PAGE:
A good place to start is in paying attention to how loyalties of the millennial generation are driven by a very different set of principles. Creating a new employee value proposition (EVP) to attract and retain the best talent amongst this next-generation workforce should be high on the agenda of all businesses, especially family businesses and offices who are invested in intergenerational succession. How can we avoid throwing the baby out with the bathwater? And how can family enterprises make their offer magnetic – and deliver?

The Millenial Mindset

The difference between generations can feel as distinct as apples and pears. Sure, they’re both fruits. But what else do they have in common? As globalisation, digital transformation, and climate change have transformed the world we live in, the next generation is tasked with inhabiting a world that is rife with as many challenges as it is opportunities.

Generational challenges cannot be compared on a tit-for-tat basis. But it is still worth recognising that we live in a time of compound crises. In a fragmented social and political environment and with Industry 4.0 driving profound changes, many millennials exhibit a marked desire for reassurance. They maintain a healthy skepticism for social and political institutions, along with a steadfast belief in the need for social equality and environmental sustainability.

The Deloitte 2020 Millennial and Gen Z Survey highlights that employee loyalty has begun to rise as businesses are beginning to address their needs and interests, from diversity and inclusion to sustainability. Though the COVID-19 pandemic has placed immense pressure on all aspects of society, the next generation has emerged with an even stronger sense of responsibility towards topics such as social equality and climate change. More importantly, they are demanding that governments and businesses reflect this same commitment. This sentiment is consistent with the findings of both experts at the World Economic Forum and PwC’s recent Workforce of the Future survey, highlighting the importance of making ‘no regrets’ purpose-driven decisions that work with most scenarios, alongside some bigger bets.

“We should remember that intellectual complacency is not our friend and that learning – not just new things but new ways of thinking – is a life-long endeavour”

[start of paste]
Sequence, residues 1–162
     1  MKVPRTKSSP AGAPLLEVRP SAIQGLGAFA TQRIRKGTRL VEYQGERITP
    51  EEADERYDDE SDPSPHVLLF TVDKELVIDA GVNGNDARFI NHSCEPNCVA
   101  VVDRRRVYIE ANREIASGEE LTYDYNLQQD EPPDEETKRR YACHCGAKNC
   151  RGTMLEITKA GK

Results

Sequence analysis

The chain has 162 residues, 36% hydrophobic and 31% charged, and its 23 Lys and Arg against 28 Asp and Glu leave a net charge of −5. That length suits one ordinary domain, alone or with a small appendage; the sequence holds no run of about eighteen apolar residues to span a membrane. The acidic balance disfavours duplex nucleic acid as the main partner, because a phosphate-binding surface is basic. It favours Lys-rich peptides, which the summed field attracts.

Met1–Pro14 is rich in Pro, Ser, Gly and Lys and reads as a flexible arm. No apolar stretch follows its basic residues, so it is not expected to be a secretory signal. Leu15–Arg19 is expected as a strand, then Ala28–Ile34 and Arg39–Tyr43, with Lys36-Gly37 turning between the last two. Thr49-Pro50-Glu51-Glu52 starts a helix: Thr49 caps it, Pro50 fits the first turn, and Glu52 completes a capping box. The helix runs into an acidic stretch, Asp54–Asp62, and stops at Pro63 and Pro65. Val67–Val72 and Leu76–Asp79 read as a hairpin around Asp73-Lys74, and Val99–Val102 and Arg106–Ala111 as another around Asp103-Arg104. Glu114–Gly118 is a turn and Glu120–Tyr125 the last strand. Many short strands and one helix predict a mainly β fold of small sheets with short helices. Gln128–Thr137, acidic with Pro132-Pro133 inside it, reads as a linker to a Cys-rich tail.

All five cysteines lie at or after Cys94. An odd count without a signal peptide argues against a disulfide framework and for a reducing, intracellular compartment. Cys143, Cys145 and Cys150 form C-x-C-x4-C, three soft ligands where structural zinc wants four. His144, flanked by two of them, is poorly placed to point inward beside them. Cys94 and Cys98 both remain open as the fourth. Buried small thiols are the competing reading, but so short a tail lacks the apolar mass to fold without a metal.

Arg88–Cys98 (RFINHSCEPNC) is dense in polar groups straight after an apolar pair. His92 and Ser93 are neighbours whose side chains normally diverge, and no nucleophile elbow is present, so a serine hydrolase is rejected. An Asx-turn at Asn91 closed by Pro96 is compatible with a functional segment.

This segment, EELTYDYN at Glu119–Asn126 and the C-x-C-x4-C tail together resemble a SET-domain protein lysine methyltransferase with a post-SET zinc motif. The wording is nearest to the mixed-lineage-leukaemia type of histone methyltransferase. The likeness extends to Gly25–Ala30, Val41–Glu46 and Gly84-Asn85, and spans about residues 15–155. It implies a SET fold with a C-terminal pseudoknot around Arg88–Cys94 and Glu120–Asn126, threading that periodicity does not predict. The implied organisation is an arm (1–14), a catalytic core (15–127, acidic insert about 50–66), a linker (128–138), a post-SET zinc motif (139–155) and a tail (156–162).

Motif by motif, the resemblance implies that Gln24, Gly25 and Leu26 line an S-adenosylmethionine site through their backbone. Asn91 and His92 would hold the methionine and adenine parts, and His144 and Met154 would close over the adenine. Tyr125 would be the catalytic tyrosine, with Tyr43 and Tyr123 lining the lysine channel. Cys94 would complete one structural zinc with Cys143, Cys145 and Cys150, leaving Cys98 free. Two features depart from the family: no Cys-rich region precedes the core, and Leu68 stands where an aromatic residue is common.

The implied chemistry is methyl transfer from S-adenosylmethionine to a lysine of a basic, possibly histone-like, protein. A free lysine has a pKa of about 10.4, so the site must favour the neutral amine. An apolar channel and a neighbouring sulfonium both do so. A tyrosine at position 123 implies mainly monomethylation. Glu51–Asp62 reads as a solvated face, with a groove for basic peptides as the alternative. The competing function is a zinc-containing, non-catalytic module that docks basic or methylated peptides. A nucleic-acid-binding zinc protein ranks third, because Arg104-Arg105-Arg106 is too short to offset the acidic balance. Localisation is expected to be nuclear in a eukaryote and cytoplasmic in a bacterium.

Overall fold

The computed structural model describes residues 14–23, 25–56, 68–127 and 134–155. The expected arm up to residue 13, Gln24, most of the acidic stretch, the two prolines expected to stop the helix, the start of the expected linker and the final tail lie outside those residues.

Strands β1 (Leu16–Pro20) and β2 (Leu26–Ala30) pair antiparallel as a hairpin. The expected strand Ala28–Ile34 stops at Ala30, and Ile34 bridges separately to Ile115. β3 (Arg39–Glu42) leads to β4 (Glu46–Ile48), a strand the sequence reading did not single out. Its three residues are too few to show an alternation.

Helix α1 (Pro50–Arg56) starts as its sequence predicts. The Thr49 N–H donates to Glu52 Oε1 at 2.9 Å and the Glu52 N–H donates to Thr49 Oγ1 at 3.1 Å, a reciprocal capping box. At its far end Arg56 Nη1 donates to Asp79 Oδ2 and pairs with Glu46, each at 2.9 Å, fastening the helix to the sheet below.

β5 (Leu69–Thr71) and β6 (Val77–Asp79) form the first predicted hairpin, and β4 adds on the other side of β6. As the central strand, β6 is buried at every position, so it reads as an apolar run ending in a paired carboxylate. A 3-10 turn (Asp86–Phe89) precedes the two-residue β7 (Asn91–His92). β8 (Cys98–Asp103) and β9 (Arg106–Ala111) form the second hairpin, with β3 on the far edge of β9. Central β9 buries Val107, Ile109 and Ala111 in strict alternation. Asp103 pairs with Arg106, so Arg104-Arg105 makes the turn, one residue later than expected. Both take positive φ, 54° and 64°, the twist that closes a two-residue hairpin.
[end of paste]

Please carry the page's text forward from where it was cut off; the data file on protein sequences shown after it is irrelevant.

Blair Sheppard, Global Leader, Strategy and Leadership Development, PwC

The Importance of Purpose

The evidence supporting the benefits of purpose is compelling. Purpose consultant Aaron Hurst, the founder of Imperative, found that 42% of companies that were not considered “purpose-driven” experienced a decline in year-on-year revenue. In contrast, 85% of purpose-led companies enjoyed positive growth. The reason for this is that purpose-driven businesses attract and keep the best talent and create an environment where people feel more connected, motivated, and engaged. The World Economic Forum highlights a focus on employee experience is fundamental for corporations looking to thrive in a beyond-shareholder world.

“Purpose is the single most powerful edit point that aligns the organization. By clearly articulating and embedding the organizational purpose and the principles that uphold it, employees will be empowered with guardrails to make decisions at any level”

Judy Oh, Agenda Contributor, World Economic Forum

Purpose is the rallying cry that drives employees to connect to organisation and to each other. When leveraged successfully, purpose can move from being a static statement and be a powerful unifier and foundation for employees to live and breathe their shared values.

Defining Your Purpose Statement

As Simon Sinek states in his book, Start with Why, ‘people don’t buy what you do, they buy why you do it’. Ask yourself – beyond profit, why do we exist?

  • Why does our organization’s existence matter?
  • What is our most important reason for being here?
  • What would be lost if this organization ceased to exist?